Math

1970-1980

Kokas, Klara. (1970). Kodaly’s concept of music education. Council for Research in Music Education, 22, 49-56. (Fall).

Studies in Hungarian music education over the past twenty years have demonstrated that children who experience daily singing in schools display better results in other school subjects than children who have the usual amount of school music experience. The author explores the psychological bases for this transfer effect. Singing is the basic musical activity, and through it the child experiences the structure of a work and absorbs it, a process that constitutes the building blocks of the musical “mother tongue” and provides the basis for his creative ability. Attention-developing rhythmic exercises produce observable results in mathematics and a good ear for music helps spelling. But beyond this, “music education seems to promote the development of psychological functions of a higher order whose effect goes far beyond the special content and material music.” Musical training serves to create an optimal balance of cortical and subcortical activity and creates an active readiness for dealing with new tasks. The importance of early childhood musical training is emphasized, particularly because it helps develop perceptual and motor learnings.–Merry Texter.

Madsen, Clifford K; Forsythe, Jere L. (1973). Effect of contingent music listening on increases of mathematical responses. Journal of Research in Music Education, 21(2), 176-186.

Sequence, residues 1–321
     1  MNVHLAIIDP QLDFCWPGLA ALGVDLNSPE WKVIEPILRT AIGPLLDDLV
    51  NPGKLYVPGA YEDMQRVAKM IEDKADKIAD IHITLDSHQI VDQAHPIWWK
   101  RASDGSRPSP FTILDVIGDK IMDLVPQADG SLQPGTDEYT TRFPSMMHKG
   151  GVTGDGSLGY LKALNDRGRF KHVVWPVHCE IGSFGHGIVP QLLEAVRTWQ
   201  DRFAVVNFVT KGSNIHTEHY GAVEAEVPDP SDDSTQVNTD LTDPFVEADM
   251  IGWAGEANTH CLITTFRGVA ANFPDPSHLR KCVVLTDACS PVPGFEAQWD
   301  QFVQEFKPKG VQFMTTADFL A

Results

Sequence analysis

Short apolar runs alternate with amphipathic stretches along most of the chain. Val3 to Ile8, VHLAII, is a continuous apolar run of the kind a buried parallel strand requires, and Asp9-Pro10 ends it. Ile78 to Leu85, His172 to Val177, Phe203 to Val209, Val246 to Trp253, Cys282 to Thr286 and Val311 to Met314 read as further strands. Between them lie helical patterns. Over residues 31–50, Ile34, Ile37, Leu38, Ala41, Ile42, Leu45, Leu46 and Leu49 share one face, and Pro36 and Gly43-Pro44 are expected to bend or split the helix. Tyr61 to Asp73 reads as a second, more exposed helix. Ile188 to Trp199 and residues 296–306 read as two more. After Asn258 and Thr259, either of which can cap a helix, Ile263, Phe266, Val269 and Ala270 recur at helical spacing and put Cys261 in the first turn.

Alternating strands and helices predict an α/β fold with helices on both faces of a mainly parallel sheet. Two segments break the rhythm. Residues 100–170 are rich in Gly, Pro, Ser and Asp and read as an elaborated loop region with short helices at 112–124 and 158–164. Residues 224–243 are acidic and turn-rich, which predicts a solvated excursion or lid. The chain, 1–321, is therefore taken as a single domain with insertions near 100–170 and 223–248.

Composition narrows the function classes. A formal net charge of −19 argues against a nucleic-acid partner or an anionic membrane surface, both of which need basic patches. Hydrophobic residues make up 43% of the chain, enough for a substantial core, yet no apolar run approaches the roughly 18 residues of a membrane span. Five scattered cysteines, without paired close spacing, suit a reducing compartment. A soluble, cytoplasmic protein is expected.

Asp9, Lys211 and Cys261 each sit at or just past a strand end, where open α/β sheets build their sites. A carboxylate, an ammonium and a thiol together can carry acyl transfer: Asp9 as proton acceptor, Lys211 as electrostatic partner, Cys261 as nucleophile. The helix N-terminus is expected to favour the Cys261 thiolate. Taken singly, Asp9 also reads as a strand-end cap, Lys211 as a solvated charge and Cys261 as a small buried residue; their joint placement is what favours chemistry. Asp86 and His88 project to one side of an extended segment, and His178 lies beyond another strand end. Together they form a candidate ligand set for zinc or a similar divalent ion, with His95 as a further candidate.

This study was designed to determine: 1) whether contingent music listening would significantly increase correct responses to mathematical problems compared to other activities and reinforcers and 2) whether there are significant differences between the reinforcing effects of two types of music listening activities. 88 sixth grade subjects from an open middle school were randomly assigned to one of the following reward groups by accumulating earned contingency payoffs through correct responses to math problems independently completed during 20 minute work periods: dance-listening, earphone-listening, math control games, and contact contol. A survey of subjects musical musical preferences was used to select music for the listening rewards. Data analyzed indicated contingent music listening can effectively reinforce nonmusical academic behavior and that the reinforcing effects of social and individual listening, as represented by dance and earphone listening activities, were not significantly different. Thus, individual music listening, more easily dispensed and supervised, might be just as effective in motivating independent academic work.–Rosa F. Stolz.
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